Japan’s economy needs to be bolstered based on domestic consumption growth and buoyant manufacturing activities. Quantitative easing alone will not spur the domestic consumption. Given the disadvantage of aging population, spur in employment opportunities and loosening of immigration are likely to be boon to the growth in domestic consumption. Japanese investors need to be impelled to invest in Japan. Japanese binge for overseas investment need to be reversed into inward investment with more incentives. Incentive is the first and prime attraction to woo the investors. In fact, the first two arrow of economic reforms of Abenomics seemed to have dismayed the inward investment in Japan.
In making India a hub for global manufacturing, the investors were looking for tangible changes in the economic policies. The overwhelming desire of the investors is to have ground realities conducive to investment. So far whatever the reforms Mr Modi unveiled, they were related to socio-economic reforms, such as easing of provident fund benefits and tinkering with factory regulations. The major investment hurdles, which require policy changes, are difficulties in land acquisition, hire and fire system and the multiple approvals required at state level.
India has to pitch for a global competiveness to woo the investors. Global competitiveness depends upon three factors. They are ease of doing business, low cost structure and the domestic demand. After the world economy reels under the uncertainty of growth, exports related growth are loosing sheen with the world appetite for import shrinking. In this perspectives, India’s large domestic demand will be a better bet for the investors.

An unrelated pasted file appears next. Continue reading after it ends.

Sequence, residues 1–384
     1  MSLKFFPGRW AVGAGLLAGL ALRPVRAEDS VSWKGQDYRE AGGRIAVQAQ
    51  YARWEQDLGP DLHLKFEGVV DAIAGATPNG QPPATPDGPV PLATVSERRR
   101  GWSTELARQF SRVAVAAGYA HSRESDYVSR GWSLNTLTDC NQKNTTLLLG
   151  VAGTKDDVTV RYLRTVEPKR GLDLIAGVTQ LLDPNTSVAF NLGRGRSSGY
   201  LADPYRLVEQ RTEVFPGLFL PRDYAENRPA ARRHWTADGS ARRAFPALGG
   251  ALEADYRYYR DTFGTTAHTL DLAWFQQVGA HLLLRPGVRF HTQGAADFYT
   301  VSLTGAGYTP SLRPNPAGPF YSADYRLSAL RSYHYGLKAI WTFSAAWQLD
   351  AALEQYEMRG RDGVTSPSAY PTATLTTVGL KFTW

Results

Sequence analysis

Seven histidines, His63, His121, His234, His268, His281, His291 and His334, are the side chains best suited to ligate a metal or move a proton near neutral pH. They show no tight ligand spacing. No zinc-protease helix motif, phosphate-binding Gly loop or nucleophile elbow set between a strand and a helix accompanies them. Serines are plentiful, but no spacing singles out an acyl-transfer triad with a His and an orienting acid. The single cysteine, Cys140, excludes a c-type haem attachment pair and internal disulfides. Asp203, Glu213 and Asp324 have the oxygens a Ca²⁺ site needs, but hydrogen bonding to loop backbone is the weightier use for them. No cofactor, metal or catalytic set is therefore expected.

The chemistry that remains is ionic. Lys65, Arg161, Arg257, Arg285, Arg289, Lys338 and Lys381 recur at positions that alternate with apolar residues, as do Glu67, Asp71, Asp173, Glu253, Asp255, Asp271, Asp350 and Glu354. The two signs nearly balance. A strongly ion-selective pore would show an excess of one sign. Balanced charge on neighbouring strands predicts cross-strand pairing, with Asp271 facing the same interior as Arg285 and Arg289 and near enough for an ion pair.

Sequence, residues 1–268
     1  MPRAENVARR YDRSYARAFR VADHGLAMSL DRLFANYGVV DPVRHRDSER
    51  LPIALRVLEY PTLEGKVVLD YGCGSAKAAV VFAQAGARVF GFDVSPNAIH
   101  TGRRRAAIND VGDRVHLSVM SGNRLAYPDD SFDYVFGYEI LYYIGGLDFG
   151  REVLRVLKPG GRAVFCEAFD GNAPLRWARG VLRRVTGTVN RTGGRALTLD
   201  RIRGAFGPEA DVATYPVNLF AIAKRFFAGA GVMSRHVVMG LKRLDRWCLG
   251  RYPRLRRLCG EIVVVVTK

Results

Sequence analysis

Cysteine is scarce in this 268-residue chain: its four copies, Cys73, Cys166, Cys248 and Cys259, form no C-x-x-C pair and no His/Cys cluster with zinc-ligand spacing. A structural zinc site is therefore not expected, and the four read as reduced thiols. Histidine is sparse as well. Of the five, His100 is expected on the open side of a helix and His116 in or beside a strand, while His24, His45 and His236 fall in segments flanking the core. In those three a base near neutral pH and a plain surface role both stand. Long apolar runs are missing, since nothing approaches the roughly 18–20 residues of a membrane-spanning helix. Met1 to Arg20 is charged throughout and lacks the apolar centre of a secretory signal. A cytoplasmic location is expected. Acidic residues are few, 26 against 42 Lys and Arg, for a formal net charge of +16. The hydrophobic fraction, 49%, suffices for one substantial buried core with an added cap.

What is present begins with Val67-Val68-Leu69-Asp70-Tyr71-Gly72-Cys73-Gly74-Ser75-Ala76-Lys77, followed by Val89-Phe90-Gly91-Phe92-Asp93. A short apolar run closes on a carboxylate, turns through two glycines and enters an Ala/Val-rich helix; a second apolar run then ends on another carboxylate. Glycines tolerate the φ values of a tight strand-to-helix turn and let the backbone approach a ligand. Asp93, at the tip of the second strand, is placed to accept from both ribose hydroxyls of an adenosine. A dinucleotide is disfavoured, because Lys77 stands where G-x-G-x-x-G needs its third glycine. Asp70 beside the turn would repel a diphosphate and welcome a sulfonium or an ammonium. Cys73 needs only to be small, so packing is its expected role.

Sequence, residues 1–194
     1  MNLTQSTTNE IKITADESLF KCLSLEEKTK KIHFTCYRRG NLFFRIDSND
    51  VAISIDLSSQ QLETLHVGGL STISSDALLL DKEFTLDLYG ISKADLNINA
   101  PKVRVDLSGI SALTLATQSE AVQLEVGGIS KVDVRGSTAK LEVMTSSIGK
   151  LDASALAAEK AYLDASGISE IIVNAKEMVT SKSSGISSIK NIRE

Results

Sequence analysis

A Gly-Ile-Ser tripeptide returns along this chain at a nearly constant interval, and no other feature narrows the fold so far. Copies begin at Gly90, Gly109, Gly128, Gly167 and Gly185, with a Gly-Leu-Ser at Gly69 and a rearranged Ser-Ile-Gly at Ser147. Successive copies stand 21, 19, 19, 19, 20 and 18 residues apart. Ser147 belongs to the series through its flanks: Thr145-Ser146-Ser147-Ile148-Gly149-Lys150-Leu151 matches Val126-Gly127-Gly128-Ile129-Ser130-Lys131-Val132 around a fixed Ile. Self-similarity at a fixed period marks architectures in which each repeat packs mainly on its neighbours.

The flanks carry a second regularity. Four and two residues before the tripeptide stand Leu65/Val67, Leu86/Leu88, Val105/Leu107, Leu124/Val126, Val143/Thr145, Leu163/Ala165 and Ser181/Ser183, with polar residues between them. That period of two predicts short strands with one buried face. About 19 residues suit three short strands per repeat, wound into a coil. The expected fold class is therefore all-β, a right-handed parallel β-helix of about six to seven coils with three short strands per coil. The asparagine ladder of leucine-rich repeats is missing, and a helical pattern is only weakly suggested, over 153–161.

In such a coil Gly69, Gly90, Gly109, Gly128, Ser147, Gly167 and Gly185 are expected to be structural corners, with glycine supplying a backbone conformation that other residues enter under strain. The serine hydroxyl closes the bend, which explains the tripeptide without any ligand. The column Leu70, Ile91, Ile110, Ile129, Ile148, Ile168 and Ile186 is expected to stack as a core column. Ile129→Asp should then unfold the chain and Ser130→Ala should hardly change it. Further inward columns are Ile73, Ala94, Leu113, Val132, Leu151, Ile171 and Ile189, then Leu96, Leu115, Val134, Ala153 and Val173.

Fiscal incentives are one of the major drivers to woo the investors. India is known for unhealthy tax structure for its high rates of business taxes. At 33 percent corporate taxes, 10-12 excise duties and 26- 28 percent custom duty, business taxes are one of the highest in India. Despite having the advantage of high domestic demand catalyzed by large demography, the unfriendly tax structure dampens the effective demand. Fiscal incentives are essential to negate this high tax regime. Modi’s reforms in FDI policy and launching of Make In India programme are far from any new fiscal incentives.
Ease of doing business is an important tool to put manufacturing on fast track. Unbundling the complex procedures of approval system for setting up manufacturing units are the pre-requisite to gear up the active manufacturing activities. It is heartening that Modi Government is up in the arm to let the ease of doing business on progressive stream. But, since State has a bigger role in making the ease of doing business congenial to investment and since BJP is still under minority in large number of states, a political will needs to be built up between the Centre and states to give trigger to the manufacturing. (IPA Service)